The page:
September 30, 2016
CFTC Charges New Jersey Residents Alcibiades Cifuentes and Jennifer Wee Cifuentes, and Cifuentes Fund Management, LLC, with Fraud and Misappropriation
In a related criminal action, Alcibiades Cifuentes and Jennifer Wee Cifuentes have been charged with mail and commodities fraud
Washington, DC –The U.S. Commodity Futures Trading Commission (CFTC) today announced the filing of a civil enforcement action in the U.S. District Court for the District of New Jersey, charging Defendants Alcibiades Cifuentes (Cifuentes), Jennifer Wee Cifuentes (Wee), both of West New York, New Jersey, and Cifuentes Fund Management, LLC, with off-exchange, leveraged or margined retail foreign currency (forex) fraud, commodity pool fraud, and failing to register with the CFTC.
According to the CFTC’s Complaint, from at least April 2013 through March 2015, Cifuentes and Wee fraudulently solicited approximately $590,000 from members of the public to participate in a supposed commodity pool that traded leveraged or margined retail off-exchange forex contracts. The Complaint states that Cifuentes and Wee knowingly made material misrepresentations and omissions concerning their forex trading strategies and profits, including falsely representing that fictitious, profitable forex trades selected from a demonstration account reflected Defendants’ actual trades.
Misappropriation of Pool Participants’ Funds
As the Complaint alleges, Cifuentes and Wee misappropriated all or most of pool participants’ funds and used them to purchase luxury vehicles, jewelry, and clothing for themselves, among other items. The Complaint states that Cifuentes and Wee also diverted a portion of pool participants’ deposits to other victims as “dividends” in the manner of a Ponzi scheme.
The Complaint further alleges that, in order to conceal their fraudulent scheme, Defendants issued falsified account statements to pool participants that reflected account balances and dividend payments that did not exist.
In its continuing litigation against the Defendants, the CFTC seeks full restitution to defrauded pool participants, disgorgement of any ill-gotten gains, civil monetary penalties, permanent registration and trading bans, and a permanent injunction against future violations of federal commodities laws, as charged.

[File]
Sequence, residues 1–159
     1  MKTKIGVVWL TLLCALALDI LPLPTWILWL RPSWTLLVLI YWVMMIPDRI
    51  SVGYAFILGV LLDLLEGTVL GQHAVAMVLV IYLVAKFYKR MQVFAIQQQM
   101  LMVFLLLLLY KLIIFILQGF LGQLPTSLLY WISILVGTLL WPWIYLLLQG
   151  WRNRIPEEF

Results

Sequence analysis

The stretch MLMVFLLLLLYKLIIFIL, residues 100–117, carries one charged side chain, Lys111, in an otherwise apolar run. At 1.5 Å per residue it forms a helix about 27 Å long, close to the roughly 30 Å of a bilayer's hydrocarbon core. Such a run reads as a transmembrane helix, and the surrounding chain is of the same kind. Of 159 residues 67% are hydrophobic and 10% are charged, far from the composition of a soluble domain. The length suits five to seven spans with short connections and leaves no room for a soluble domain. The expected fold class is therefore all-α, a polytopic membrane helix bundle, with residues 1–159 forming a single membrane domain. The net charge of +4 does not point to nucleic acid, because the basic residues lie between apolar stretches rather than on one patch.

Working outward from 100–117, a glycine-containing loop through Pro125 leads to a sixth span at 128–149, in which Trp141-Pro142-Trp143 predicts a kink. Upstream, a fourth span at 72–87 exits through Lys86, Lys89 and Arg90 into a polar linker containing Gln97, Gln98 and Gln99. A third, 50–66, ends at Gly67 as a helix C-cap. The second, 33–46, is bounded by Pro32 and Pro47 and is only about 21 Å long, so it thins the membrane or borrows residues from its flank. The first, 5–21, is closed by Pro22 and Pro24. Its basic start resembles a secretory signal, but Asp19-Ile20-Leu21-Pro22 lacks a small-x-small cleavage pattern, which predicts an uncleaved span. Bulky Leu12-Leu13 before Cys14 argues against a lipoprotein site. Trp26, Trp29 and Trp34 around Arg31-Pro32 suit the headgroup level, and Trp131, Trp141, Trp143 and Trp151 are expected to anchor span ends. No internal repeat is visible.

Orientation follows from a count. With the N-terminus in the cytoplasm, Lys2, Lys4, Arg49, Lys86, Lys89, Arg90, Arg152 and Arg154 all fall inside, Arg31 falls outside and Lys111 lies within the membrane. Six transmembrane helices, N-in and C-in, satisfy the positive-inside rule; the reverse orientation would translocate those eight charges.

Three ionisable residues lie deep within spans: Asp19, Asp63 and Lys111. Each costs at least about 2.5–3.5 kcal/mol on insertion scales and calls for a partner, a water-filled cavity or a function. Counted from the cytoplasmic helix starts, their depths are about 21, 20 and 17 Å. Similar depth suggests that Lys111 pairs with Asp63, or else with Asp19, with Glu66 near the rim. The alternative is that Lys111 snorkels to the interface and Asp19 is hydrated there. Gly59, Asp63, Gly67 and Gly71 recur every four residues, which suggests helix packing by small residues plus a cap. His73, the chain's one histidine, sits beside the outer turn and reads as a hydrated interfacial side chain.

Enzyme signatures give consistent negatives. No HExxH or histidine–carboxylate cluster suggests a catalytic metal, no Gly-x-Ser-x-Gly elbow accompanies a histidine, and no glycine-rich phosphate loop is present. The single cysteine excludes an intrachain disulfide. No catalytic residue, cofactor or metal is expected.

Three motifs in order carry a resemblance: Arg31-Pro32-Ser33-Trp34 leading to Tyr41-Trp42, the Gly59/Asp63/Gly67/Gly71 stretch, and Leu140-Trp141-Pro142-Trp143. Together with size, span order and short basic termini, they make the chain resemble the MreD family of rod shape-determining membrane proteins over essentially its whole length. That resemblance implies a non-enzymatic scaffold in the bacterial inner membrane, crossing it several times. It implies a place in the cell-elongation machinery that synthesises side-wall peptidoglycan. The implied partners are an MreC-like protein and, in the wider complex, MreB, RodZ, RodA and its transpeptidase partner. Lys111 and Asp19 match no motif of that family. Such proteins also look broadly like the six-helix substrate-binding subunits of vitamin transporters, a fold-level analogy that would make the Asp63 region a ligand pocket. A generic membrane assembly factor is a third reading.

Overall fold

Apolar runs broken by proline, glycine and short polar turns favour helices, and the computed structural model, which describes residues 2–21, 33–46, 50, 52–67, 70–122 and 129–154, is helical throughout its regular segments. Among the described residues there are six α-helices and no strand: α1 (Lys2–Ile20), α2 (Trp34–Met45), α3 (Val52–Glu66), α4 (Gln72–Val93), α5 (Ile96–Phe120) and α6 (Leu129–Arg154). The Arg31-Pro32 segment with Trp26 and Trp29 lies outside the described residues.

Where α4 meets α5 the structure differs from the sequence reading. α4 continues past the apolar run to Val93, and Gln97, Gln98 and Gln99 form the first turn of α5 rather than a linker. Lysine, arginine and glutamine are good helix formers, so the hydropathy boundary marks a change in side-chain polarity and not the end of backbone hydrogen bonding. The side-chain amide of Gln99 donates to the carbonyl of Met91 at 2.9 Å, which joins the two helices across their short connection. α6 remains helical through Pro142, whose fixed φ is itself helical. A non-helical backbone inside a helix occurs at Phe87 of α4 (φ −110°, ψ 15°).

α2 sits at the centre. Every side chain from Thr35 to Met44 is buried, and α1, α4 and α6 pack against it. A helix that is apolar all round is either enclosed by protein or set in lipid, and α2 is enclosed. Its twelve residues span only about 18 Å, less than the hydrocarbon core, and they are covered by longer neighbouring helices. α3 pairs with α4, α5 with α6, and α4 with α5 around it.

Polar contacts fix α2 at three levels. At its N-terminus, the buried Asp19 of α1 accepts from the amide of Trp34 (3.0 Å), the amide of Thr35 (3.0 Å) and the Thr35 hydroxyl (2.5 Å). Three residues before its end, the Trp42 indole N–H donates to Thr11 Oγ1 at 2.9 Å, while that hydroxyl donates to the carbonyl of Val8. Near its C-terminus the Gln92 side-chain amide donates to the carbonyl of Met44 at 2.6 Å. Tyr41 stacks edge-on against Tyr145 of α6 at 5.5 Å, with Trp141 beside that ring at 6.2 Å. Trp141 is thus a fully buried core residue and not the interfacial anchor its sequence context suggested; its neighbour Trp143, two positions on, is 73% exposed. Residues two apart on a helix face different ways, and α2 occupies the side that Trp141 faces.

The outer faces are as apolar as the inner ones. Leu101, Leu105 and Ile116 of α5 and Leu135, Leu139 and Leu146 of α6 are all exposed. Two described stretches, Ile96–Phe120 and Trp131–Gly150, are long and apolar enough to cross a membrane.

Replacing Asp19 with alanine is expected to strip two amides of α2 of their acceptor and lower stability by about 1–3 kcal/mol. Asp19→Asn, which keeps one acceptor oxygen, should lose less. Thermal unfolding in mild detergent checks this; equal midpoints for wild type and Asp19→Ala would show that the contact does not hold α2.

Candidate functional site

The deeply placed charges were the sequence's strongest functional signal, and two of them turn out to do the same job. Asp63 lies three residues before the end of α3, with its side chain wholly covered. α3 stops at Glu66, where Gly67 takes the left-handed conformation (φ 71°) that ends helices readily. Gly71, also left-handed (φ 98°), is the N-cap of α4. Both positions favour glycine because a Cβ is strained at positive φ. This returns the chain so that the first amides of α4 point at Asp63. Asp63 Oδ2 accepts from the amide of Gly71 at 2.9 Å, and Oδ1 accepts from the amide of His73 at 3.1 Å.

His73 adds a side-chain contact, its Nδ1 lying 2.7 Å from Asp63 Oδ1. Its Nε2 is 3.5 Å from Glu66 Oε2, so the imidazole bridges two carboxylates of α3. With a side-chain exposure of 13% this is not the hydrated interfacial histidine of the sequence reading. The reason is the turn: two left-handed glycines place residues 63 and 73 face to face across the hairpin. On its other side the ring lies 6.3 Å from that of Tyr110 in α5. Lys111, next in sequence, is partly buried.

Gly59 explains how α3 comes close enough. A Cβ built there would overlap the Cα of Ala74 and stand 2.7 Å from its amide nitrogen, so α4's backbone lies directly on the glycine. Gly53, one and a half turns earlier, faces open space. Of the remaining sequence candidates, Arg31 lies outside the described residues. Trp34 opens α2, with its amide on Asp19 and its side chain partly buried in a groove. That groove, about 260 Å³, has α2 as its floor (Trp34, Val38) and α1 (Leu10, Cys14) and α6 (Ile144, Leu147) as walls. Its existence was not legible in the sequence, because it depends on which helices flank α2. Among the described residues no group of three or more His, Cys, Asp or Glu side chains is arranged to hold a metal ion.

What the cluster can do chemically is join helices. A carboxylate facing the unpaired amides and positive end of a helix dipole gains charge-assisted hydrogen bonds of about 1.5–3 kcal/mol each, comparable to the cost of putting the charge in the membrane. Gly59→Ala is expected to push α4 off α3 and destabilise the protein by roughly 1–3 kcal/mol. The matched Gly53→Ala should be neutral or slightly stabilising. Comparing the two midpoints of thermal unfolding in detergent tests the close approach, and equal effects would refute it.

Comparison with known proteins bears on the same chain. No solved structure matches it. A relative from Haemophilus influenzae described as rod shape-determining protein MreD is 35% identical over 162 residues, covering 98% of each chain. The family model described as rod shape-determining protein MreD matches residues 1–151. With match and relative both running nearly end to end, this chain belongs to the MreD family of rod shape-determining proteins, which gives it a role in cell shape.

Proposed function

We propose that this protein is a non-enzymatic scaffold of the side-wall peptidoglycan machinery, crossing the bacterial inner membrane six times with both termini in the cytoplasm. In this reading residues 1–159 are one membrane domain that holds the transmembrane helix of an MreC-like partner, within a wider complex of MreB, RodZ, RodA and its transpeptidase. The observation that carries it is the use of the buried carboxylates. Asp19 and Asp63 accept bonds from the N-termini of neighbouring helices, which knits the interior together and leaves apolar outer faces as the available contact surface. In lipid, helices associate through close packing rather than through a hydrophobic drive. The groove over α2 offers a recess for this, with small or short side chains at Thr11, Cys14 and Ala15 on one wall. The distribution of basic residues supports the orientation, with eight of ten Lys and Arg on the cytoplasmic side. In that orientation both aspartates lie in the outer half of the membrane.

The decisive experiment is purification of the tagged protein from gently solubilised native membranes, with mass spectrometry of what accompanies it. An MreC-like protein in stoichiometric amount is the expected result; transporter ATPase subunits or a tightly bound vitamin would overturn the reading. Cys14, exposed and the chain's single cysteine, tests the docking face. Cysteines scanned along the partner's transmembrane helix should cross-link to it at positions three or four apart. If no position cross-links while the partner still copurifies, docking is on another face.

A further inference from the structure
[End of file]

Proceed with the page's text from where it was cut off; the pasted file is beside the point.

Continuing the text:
Related Criminal Action
Cifuentes and Wee have been charged with mail and commodities fraud in a related criminal action brought by the U.S. Attorney’s Office for the District of New Jersey. The mail fraud charge carries a maximum penalty of 20 years imprisonment and a $250,000 fine, while the commodities fraud charge carries a maximum penalty of 10 years imprisonment and a $1 million fine. United States v. Alcibiades Cifuentes and Jennifer Wee Cifuentes, No. 16-6559 (D.N.J. April 18, 2016).
The CFTC appreciates the assistance of the U.S. Attorney for the District of New Jersey.
The CFTC Division of Enforcement staff members responsible for this action are Daniel J. Grimm, Patricia A. Gomersall, John Einstman, and Paul G. Hayeck.
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CFTC’s Forex Fraud and Commodity Pool Fraud Advisories
The CFTC has issued several customer protection Fraud Advisories that provide the warning signs of fraud, including the Foreign Currency Trading (Forex) Fraud Advisory, which states that the CFTC has witnessed a sharp rise in Forex trading scams in recent years and helps customers identify this potential fraud.
The CFTC has also issued a Commodity Pool Fraud Advisory, which warns customers about a type of fraud that involves individuals and firms, often unregistered, offering investments in commodity pools.
Customers can report suspicious activities or information, such as possible violations of commodity trading laws, to the CFTC Division of Enforcement via a Toll-Free Hotline 866-FON-CFTC (866-366-2382) or file a tip or complaint online.
Last Updated: September 30, 2016